Saturday, October 18, 2008

A Magic Wand

On Thursday, Teachers are Talking hosted David Warlick as our guest. He answered questions about changes he's seen in the classroom, a bit about politics, and a great deal about the future of education. And then he posed a question of his own. "If you had a magic wand," he said, "no obstacles...what would you make happen for all teachers?"

Now this is a powerful question. The question really asks one to think about sweeping changes, huge reform, major differences in education. So I wave my wand and what happens?

First, my wand would eliminate state testing caused by NCLB. I have watched, over my 20+ years of teaching, some amazing teachers move from making learning fun to making learning all about preparing for a test. Now I don't believe things have to be this way and I don't think they are in my classroom but, even in my own classroom, we talk "test". And I hate taking time out of learning to talk "test". I do believe we need to be held accountable for our students learning but there has to be a better way than using a test that doesn't really measure learning.

Second, my wand would put two educators in each classroom. And let's throw in an aide also. This is the setting I work in right now. There is a regular educator (with a special ed. background) and a special educator in the room full time. And we have a full time aide, there to support children and help with the classroom minutiae. This setting is ideal. We teach ALL children on their level, giving all students the support and enrichment they need for every subject. Having a second teacher in the room allows for small group and individual instruction to occur all day, not just when I have a moment.

Third, technology would be available and working all day. One to one laptops would be on hand at all times, the interactive whiteboard would be running, no sites would be blocked - enabling us to use any tool available online, the cameras and digital recorders would have charged batteries, with extras in the charger, and the webcam would be on and accessible.

Fourth, there would be ample time every day to plan with my co-teacher, meet with parents, post podcasts, edit videos, etc. David suggested 3-4 hours a day. I am not sure I need that much time. But one day a week with no students would cover it. Or an hour long prep each day with an hour long duty free lunch would be great. I have now an hour long duty free lunch and a 35 - 45 minute prep each day. It is almost enough time.

Fifth, all teachers would have to set up a PBL classroom. No more using textbooks and worksheets, no more having students sit at desks for hours listening to lectures. Children will be engaged and energized working in cooperative groups to create - and demonstrate their knowledge. And it would be great if those cooperative groups could be outside the four walls of the classroom.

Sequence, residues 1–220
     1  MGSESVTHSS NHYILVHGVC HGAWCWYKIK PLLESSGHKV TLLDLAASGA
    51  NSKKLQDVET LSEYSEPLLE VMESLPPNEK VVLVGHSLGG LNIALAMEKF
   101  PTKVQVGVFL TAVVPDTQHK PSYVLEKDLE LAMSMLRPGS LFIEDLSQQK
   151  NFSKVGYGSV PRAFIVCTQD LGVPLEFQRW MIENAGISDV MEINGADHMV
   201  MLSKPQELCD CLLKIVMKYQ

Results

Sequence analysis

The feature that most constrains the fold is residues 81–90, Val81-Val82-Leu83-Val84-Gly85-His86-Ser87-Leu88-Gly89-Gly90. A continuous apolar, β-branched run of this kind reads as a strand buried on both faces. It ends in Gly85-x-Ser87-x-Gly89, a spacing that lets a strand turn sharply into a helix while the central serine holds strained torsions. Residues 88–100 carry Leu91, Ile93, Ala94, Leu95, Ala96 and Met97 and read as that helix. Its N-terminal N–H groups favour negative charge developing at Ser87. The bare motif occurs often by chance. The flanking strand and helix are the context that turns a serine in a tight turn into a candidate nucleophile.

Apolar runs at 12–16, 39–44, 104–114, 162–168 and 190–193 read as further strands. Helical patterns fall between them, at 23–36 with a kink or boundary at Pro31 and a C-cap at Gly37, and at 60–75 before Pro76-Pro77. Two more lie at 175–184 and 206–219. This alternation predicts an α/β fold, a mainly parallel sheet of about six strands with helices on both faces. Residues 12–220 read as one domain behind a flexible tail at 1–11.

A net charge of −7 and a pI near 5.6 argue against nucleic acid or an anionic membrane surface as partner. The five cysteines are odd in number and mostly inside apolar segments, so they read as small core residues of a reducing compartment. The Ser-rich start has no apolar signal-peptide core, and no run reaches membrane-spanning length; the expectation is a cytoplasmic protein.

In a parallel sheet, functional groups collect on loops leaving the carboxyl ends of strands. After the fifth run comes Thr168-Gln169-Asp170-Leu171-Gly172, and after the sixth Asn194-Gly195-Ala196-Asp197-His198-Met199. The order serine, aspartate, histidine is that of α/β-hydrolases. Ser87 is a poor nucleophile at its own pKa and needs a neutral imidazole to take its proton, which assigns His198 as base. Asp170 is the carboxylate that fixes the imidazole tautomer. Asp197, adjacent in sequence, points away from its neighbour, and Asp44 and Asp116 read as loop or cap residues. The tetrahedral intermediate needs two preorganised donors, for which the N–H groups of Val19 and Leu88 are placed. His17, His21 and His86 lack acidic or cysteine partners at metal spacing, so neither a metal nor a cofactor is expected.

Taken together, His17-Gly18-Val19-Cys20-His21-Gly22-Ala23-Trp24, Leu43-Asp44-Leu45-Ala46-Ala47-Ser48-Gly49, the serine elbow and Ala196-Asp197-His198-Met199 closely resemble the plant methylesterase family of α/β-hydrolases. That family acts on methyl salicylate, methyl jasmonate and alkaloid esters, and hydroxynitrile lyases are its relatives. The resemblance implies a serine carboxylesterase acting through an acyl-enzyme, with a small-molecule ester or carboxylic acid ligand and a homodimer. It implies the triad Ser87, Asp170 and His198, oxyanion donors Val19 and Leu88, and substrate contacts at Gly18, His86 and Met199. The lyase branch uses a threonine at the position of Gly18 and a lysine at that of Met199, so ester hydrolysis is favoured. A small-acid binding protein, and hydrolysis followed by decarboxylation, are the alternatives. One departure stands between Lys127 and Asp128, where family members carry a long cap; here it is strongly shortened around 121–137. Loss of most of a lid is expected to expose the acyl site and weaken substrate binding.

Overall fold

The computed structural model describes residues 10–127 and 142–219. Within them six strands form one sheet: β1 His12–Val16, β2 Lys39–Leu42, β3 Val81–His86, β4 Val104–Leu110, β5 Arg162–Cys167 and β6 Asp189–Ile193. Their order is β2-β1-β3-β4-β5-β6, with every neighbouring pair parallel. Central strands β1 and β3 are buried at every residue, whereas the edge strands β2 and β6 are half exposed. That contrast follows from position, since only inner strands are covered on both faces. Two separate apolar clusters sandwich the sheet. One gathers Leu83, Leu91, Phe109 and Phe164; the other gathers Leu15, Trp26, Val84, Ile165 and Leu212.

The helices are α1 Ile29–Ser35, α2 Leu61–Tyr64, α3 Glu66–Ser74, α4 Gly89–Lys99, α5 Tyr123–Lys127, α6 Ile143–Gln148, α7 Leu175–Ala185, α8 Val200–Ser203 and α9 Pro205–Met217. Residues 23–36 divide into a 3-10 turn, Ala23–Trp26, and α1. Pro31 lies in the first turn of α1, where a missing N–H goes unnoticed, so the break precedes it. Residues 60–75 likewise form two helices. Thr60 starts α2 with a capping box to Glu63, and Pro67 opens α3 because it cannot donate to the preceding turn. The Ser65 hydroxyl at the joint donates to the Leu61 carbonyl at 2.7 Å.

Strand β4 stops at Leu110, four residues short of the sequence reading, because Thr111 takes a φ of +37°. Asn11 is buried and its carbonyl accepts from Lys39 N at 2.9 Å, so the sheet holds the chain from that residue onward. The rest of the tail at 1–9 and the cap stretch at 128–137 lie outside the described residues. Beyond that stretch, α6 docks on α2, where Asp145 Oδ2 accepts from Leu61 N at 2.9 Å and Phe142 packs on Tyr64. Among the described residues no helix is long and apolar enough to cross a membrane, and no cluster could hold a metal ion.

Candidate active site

So there are my "magic wand" wishes. The reality is that I have a pretty ideal classroom situation. While there are things I would love to change, most of it I just love. And so do the children. So my magic wand would offer what I have to all of you. Can you create the ideal classroom? Have you?

Image: 'Four heads are better than one'


nhill said...

I think that you have covered all the bases. I would love to have your set up. I think that I would add some items. I would love to be able to take students on field trips. Have bus will travel. I would allow them to have digital devices to record their trips and access more information while out in the community. =) If we can have anything...then I guess I am greedy and I want everything. Can I have an Ipod for every student too?

Brian said...

Wow, 2 full time teachers AND a full time aide!? I get an ESL teacher for 35 minutes a day, and now I lose that to this new "interventions" program we have to do every day. So another 30 minutes a day sliced from the schedule, another lesson to plan, and now I have virtually NO push-in help. I had ESL for 50 minutes during language arts before. Our sped program is pull out for reasons I can't go into here and now my ESL program will essentially be a pull out program too. Are there job openings on Long Island? : )

lnitsche said...

I'm waving my magic wand and wishing and dreaming...
I want my students to see learning, not see school. I want them to be passionate about what they are learning, not to see it as just one more assignment to accomplish and one more test to take. I want each student to have mentors- yes plural- who will encourage them and support them. I want them to have their very own PLN with members who cross generations of age and expertise. I want students to be able to explore the world in all of its glory and difficulties and be inspired to make a difference. Just think if we shared our students with the world what they would learn and accomplish!

TLind said...

I would love to teach in your dream school! I would also add that with my wand there would be assistive programs for any student that needed one--no crazy paperwork or approval--just if you need it, you got it!

Love the fieldtrip idea too--let's put all those portable tools to work outside the school setting!

Recorded Books said...

Great post! Though some of them were covered here, what are the most challenging things you deal with every day? Perhaps a post for another day?